There is no consensus on the treatment of uterine IMT. Given the malignant potential of this tumor, complete surgical re-section may be the best treatment option [10,11]. For patients who cannot undergo surgery or who have recurrences and metastases, targeted therapy with tyrosine kinase inhibitors (eg, crizotinib and ceritinib) may have certain therapeutic effects if genetic testing shows ALK rearrangement [18,19]. Some researchers reported that non-steroidal anti-inflammatory drugs, anti-tumor necrosis factor antibodies, and corticosteroids could reduce the tumor volume and the difficulty of surgery [20–23]. It has been reported that in 70% of ALK-negative IMT with metastasis and/or recurrence, the expression of programmed death ligand 1 (PD-L1) was elevated. Immune checkpoint inhibitors may play a role in patients with an advanced ALK-negative IMT . CD30 is a potential therapeutic target for epithelioid inflammatory myofibroblastic sarcomas. Brentuximab vedotin (BV) is a monoclonal CD-30 antibody used in treating lymphoma and may help treat recurrent and metastatic IMT . Chemotherapy is mainly used in the pediatric population. These chemotherapy regimens mainly include methotrexate-vinblastine, followed by ifosfamide-doxorubicin, ifosfamide alone, or carboplatin-paclitaxel [26,27].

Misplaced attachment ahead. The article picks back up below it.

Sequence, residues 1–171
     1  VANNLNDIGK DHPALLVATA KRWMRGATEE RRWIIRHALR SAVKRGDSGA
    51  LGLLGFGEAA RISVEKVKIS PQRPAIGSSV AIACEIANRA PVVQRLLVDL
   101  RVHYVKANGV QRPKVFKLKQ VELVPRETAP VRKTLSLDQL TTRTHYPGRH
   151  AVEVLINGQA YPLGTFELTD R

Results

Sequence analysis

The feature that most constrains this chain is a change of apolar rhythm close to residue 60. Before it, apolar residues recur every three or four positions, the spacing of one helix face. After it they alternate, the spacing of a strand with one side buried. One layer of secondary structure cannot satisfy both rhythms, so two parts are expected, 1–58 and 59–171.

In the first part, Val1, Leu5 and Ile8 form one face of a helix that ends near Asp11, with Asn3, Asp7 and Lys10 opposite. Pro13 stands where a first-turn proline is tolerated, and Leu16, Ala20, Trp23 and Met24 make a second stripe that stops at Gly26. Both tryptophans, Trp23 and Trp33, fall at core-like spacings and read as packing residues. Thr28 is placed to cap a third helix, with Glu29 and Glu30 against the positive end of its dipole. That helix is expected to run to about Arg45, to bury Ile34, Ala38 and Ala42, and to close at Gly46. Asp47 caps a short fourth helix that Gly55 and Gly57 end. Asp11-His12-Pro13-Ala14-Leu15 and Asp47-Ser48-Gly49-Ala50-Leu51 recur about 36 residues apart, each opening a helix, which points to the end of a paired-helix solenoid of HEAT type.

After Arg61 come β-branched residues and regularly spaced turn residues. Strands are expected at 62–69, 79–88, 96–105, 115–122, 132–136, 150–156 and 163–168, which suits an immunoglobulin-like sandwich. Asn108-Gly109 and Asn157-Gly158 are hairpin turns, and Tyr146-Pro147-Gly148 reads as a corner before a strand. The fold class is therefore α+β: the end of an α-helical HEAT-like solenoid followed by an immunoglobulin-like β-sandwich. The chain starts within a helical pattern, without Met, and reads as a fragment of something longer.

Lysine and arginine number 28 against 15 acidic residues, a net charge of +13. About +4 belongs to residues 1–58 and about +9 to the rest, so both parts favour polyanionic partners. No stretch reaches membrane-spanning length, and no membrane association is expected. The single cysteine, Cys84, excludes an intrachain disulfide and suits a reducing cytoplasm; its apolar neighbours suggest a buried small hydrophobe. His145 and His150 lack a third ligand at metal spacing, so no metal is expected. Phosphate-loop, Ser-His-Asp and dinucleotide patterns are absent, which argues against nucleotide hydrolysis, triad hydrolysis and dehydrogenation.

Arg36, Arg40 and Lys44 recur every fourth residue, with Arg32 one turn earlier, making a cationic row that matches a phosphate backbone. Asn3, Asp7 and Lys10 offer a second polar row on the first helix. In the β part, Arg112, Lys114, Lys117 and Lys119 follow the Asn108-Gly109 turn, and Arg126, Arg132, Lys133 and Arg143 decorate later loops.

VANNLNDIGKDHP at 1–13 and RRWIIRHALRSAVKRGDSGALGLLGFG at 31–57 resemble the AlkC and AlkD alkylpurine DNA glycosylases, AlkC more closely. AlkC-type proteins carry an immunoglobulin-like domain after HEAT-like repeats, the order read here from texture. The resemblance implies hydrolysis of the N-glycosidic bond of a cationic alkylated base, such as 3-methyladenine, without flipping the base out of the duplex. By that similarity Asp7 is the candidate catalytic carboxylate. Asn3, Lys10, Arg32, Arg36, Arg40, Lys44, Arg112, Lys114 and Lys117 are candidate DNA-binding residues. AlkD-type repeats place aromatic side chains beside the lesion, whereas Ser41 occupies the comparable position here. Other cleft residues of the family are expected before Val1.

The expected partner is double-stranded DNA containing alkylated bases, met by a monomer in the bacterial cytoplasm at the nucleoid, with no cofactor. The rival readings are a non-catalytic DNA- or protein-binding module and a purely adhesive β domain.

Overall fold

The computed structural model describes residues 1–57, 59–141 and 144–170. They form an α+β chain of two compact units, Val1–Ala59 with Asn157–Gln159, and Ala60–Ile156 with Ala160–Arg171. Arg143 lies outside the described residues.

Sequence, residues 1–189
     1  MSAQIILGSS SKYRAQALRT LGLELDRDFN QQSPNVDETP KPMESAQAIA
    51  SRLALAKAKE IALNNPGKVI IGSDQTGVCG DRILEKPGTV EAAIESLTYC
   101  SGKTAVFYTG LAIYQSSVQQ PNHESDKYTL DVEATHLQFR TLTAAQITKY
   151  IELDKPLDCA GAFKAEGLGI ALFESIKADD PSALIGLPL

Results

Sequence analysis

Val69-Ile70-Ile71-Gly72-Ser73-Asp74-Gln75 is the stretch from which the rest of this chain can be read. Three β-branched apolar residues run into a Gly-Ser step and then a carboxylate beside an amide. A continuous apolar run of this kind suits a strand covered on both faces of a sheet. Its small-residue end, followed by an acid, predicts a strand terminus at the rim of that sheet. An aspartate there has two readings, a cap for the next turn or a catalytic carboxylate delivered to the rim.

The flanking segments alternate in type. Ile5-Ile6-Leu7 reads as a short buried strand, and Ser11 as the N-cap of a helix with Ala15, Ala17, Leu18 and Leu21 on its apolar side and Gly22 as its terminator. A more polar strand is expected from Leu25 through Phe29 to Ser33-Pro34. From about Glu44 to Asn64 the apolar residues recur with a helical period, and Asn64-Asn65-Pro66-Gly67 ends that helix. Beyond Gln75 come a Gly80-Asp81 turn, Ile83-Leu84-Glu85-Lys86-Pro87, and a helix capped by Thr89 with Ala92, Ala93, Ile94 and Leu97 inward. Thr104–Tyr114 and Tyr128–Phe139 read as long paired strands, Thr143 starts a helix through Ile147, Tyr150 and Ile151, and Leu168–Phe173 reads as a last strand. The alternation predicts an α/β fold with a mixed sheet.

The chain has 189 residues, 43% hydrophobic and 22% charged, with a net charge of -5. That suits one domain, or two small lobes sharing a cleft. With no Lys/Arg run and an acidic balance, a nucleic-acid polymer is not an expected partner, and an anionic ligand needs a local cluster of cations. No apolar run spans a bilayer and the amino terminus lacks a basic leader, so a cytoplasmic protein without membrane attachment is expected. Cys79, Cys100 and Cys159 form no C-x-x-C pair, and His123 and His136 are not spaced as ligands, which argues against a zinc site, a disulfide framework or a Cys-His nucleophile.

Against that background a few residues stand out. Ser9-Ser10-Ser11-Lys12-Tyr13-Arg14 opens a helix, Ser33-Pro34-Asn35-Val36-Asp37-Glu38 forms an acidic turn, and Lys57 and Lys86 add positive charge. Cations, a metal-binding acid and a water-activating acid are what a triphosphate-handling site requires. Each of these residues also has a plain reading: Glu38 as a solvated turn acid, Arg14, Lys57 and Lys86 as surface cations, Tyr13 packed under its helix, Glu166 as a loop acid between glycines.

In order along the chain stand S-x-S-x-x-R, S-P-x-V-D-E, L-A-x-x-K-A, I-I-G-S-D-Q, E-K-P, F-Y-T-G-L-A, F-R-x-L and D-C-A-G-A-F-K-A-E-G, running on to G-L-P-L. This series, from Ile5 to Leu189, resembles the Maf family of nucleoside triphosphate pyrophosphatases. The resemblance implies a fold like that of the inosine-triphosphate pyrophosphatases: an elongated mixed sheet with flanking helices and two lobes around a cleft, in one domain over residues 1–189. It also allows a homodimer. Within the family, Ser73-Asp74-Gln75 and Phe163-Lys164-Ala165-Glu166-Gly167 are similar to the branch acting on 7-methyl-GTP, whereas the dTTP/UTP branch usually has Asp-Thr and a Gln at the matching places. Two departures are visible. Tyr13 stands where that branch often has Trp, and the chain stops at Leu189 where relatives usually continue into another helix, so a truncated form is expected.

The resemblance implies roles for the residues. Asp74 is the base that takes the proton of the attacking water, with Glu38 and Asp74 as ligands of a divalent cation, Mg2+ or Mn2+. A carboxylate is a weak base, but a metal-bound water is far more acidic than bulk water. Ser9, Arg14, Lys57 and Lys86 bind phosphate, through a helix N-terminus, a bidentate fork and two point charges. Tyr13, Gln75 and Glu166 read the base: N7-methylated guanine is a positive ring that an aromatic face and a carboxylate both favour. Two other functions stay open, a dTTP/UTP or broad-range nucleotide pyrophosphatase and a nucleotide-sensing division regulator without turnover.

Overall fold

IMT is rare in clinical practice. To avoid misdiagnosis as a fully malignant or benign tumor, gynecologists should be aware that IMT can occur in the female reproductive tract. Accurate diagnosis and complete surgical resection are crucial. Methods such as targeted therapy, immunotherapy, and chemotherapy can be considered for patients who cannot be surgically treated.
FiguresFigure 1.. Transvaginal ultrasound image of the lesion. (A) A solid echo with a size of 5.1×3.6×3.4 cm in the lower uterine cavity. (B) A solid echo with rich blood flow signals. Figure 2.. MRI image of the lesion. (A) A mass of slightly short T1 signal at the bottom of uterine cavity, the mass size was about 6.0×3.4×4.0 cm. (B) A mass of long T2 signal at the bottom of uterine cavity. (C) A mass with slightly DWIBS signal densification. Figure 3.. Uterine inflammatory myofibroblastic tumor. (A) Most tumor cells were arranged in fascicles with scattered lymphocyte infiltration. (B) Immunohistochemical staining for SMA was positive. (C) Tumor cells in the myxoid areas were strongly positive for ALK. (Hematoxylin-eosin, [A]; original magnification 200× [A-C]). SMA – smooth-muscle actin; ALK – anaplastic lymphoma kinase.
TablesTable 1.. Timeline.